Perfect timing for a national fruit and vegetable nutrition policy
The Effectiveness of A School-Based Nutrition Intervention on Children’s Fruit, Vegetable and Dairy Product Intake
Even though obesity is recognized as a complex and multifactorial problem, unhealthy eating habits are one important factor contributing to the emergence of childhood obesity and its healthrelated consequences1. The last Canadian Health Survey revealed that children’s eating habits are not optimal and that fruit and vegetables (F&V) and dairy products (DP) represent the two food groups where the largest proportion of children and adolescents do not meet recommendations2.
In addition to having a high nutrient density, F&V and DP could play an important role in childhood obesity treatment and prevention. In one previous study, we observed that among 41 food groups, an increase in whole fruit and low-fat milk intake appeared to be the two specific groups consistently associated with better weight control, however, this was observed in adults3. Acute studies have demonstrated that the incorporation of F&V into children’s meals can decrease energy intake by lowering energy density4. One intervention study also showed a beneficial effect of increasing F&V and DP on children’ eating habits compared to a more restrictive intervention that included a reduction in fat5. This is line with studies showing that an increase in F&V or DP often results in a concomitant decrease in unhealthy snacks/foods6-8. Thus, a high consumption of these two food groups appear to represent a useful strategy to prevent or treat obesity. At Laval University, our research group has developed a nutrition program called “Team Nutriathlon” where the objective is to increase and diversify the consumption of F&V and DP in children/adolescents.
What is Team Nutriathlon?
Team Nutriathlon is an eight-week, school-based nutrition program where students are encouraged to reach individual and team goals regarding the quantity and variety of F&V and DP consumption (and dairy alternatives) based on Canada’s Food Guide9. The individual goals require students to attain a specific quantity of servings per day while the team goals are based on both quantity and variety. During the program, students are invited to report their daily consumption of F&V and DP for each weekday during the eight-week period. This self-monitoring process permits the production of summary reports every two weeks. These reports are then analyzed every two weeks during a “regulation period” where students meet in teams, read the report and then analyze their results with respect to the team goals. They also revise their individual and team achievement objectives and identify strategies in order to maintain or increase their F&V and DP consumption. Thus, the program is designed to develop children’s autonomy (i.e. decision-making and control over their food choices) towards the gradual adoption and maintenance of healthy eating habits.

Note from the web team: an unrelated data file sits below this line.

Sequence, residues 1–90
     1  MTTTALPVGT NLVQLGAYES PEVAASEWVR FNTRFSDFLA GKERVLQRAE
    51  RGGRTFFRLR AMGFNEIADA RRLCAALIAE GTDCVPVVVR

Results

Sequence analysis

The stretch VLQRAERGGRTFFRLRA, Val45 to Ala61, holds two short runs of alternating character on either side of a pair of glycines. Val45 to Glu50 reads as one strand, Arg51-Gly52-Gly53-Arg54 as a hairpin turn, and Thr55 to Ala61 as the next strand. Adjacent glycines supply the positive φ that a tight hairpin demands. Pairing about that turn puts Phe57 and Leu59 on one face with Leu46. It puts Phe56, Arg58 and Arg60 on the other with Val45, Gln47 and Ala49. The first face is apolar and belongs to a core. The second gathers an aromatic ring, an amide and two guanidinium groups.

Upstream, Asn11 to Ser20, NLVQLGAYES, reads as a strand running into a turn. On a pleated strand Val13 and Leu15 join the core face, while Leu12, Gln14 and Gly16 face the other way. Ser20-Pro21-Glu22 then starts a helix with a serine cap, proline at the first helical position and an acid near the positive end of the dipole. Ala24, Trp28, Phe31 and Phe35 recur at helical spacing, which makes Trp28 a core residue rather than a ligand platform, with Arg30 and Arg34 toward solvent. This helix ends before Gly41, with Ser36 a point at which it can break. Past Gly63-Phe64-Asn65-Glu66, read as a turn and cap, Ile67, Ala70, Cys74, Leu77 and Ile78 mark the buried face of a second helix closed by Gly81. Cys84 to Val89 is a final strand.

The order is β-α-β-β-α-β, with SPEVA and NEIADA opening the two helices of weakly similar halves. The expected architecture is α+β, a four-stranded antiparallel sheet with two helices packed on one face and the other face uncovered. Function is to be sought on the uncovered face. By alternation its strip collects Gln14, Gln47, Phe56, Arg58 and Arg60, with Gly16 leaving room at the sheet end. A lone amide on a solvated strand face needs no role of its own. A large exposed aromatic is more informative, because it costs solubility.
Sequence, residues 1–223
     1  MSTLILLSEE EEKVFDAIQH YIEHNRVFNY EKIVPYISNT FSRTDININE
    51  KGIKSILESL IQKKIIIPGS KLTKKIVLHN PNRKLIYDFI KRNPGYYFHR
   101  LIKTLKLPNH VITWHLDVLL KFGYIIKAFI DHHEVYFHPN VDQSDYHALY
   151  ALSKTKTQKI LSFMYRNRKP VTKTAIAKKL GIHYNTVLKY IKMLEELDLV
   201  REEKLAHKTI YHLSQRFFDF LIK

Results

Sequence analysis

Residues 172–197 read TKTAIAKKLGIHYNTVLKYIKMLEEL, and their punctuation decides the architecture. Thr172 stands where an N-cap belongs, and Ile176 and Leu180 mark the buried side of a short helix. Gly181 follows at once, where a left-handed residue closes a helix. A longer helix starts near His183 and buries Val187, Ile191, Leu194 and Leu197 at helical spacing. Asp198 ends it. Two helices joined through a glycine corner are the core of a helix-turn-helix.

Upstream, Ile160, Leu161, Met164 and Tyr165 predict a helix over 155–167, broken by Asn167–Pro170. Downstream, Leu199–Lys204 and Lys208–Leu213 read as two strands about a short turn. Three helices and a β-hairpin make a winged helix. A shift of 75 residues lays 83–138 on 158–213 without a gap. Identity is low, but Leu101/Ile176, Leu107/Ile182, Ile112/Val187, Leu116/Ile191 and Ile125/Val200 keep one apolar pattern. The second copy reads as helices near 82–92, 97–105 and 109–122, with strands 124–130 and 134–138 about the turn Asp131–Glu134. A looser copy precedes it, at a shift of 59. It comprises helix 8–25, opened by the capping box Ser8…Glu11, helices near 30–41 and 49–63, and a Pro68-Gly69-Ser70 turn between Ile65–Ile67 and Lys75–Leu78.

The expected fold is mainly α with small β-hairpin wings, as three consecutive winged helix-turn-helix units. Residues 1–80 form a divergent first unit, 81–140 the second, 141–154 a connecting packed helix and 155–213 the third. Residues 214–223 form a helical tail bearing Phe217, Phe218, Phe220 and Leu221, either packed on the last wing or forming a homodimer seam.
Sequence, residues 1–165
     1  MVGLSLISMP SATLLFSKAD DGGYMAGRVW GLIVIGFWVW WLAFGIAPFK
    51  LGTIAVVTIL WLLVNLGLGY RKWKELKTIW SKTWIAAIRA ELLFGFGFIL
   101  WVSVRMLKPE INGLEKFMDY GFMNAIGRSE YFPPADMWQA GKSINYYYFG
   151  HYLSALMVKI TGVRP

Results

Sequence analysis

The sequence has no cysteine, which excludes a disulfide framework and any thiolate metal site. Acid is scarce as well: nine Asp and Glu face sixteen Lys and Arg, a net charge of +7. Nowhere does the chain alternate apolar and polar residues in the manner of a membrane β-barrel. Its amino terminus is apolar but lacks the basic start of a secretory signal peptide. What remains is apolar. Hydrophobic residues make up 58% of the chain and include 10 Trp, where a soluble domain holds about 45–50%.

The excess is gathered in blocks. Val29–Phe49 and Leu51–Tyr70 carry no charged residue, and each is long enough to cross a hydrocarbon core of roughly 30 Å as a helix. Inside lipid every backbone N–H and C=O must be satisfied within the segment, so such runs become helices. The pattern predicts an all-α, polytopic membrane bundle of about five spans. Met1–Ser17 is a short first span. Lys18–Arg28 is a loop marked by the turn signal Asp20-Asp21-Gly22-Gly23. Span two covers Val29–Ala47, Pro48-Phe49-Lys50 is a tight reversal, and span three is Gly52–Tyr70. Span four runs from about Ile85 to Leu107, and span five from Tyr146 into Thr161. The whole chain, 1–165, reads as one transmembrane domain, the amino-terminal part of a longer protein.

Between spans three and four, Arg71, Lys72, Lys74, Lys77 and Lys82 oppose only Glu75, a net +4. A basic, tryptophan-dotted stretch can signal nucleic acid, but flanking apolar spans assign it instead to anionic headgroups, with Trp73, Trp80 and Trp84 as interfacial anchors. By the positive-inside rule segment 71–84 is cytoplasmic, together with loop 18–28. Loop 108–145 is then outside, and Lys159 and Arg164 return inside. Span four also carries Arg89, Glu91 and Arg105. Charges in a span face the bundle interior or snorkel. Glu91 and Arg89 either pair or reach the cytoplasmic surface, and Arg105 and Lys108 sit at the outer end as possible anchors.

What is the program efficacy?
In our first study, we evaluated the effectiveness of the program, which included 404 children from grades five and six (intervention n=242, control n=162), and used paper and pencil to record intakes9. At the end of the intervention and even 10 weeks after the program, Nutriathlon participants showed a significant increase in their F&V and DP consumption compared to children in the control group. These positive results prompted us to investigate the efficacy of the program in adolescents. Since school-based programs which incorporate internet use to prevent obesity in youth have been identified as effective strategies to modify eating habits in the school environment10-14, a Web-based version of the Team Nutriathlon was developed for this group to record intakes. Therefore, the second study assessed the impact of the Web-based Team Nutriathlon among 282 high school students (intervention n=193, control n=89)15. Accordingly, the Web-based version significantly increased the consumption of F&V and DP in this group of adolescents. Thus, Team Nutriathlon appears to be an effective and innovative approach to promote F&V and DP intake in children and adolescents, at least in the short-term.